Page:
Push the question one step further: What does journalistic fact-checking consist of in the first place? Sometimes the fact-checker calls up an interview source and asks him or her direct questions. Otherwise the fact-checker sees if the stated claim can be found in some published book, magazine, or perhaps in a refereed academic journal. Fact-checking can’t be any more reliable than these underlying sources.

So, should the academic journal or the Wikipedia entry receive more respect? Should we give literary critics tenure for sparkling reviews on Amazon.com? Should The New York Times, on a given day, simply link to the best of the web?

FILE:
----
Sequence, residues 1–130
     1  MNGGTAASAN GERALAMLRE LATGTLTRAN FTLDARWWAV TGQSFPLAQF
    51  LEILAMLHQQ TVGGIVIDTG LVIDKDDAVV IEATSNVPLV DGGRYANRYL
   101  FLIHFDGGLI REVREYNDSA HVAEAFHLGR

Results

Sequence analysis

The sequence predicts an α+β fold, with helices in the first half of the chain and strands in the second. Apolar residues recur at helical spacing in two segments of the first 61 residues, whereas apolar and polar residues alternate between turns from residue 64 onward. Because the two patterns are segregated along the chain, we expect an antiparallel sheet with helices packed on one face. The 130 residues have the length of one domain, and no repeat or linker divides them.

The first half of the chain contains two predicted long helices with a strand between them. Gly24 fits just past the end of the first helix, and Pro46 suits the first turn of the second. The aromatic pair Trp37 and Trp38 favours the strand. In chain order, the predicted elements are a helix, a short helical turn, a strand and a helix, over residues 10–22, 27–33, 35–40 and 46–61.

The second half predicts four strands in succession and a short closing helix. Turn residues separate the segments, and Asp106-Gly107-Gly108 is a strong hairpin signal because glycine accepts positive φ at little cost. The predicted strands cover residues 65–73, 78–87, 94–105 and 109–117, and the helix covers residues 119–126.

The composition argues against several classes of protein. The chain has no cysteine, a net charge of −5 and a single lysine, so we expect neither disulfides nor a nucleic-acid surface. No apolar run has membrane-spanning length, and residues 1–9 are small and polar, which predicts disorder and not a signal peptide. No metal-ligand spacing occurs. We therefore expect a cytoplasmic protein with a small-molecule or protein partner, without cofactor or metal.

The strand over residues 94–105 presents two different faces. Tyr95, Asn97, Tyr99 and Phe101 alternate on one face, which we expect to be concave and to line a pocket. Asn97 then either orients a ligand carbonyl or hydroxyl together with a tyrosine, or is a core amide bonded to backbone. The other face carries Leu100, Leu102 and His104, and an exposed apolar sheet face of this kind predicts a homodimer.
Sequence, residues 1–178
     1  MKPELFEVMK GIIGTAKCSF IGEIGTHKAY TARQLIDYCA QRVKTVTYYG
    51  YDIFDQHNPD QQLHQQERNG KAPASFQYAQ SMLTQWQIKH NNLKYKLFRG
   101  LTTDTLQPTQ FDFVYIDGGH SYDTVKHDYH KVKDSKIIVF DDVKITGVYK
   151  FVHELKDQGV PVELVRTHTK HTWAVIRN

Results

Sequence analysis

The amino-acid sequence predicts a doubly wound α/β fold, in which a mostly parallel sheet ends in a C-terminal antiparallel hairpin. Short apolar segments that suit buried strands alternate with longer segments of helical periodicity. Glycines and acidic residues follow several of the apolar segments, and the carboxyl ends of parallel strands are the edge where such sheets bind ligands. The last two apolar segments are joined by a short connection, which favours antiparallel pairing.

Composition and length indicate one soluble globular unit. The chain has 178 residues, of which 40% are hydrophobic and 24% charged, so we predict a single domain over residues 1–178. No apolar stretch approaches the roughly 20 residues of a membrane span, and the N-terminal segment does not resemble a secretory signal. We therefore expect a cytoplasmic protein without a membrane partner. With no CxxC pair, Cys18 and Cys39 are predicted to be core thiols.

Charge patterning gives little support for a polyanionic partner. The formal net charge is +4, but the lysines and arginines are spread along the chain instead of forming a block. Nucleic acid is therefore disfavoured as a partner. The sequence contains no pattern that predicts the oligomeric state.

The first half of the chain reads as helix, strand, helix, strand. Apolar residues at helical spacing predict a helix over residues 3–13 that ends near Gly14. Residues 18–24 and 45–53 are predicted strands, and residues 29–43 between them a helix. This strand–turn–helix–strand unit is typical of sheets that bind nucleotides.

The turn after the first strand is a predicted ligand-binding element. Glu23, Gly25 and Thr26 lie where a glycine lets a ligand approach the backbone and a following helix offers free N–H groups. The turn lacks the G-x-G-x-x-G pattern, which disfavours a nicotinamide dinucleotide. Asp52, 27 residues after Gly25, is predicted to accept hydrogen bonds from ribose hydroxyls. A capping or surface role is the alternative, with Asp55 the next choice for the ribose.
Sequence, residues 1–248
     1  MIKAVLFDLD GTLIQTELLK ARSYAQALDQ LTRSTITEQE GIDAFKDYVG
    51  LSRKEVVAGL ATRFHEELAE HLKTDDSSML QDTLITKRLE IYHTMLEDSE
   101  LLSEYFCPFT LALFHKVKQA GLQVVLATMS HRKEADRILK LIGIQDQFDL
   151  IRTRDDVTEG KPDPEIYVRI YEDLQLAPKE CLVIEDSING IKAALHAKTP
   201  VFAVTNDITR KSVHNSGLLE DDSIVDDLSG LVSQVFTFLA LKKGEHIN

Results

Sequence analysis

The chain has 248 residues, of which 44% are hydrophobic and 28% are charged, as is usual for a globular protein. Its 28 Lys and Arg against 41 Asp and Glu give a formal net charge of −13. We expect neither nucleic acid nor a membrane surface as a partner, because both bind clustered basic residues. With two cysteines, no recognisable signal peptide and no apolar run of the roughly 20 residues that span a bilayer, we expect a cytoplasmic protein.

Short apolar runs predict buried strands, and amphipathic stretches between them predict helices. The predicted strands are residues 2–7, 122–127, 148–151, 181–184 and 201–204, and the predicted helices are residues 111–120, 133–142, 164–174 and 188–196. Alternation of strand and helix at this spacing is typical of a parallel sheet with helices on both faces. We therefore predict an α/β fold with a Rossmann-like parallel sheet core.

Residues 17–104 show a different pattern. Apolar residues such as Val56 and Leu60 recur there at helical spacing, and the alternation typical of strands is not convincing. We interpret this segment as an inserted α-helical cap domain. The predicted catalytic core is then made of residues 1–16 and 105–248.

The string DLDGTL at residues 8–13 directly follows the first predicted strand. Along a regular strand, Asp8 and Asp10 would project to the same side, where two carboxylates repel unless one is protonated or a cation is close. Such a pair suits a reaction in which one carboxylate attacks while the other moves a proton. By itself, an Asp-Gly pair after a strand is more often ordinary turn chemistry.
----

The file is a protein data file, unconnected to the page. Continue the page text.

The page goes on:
Sadly, the final lessons here are brutal. We cannot quite embrace the wonderfully egalitarian world of knowledge on the web. Error, falsehood, sloppy untruths, and just downright lies are found all too frequently and they threaten to spread even further. That’s why we should defend institutions--such as academia and the standard canons of traditional journalism--that promise full fact-checking and tough standards of rigor. Yes those institutions are very often hypocritical. Everyone faces a deadline or a budget. Nonetheless, dropping our stated loyalties to such institutions would be like removing our thumb from the dike and letting the flood waters in.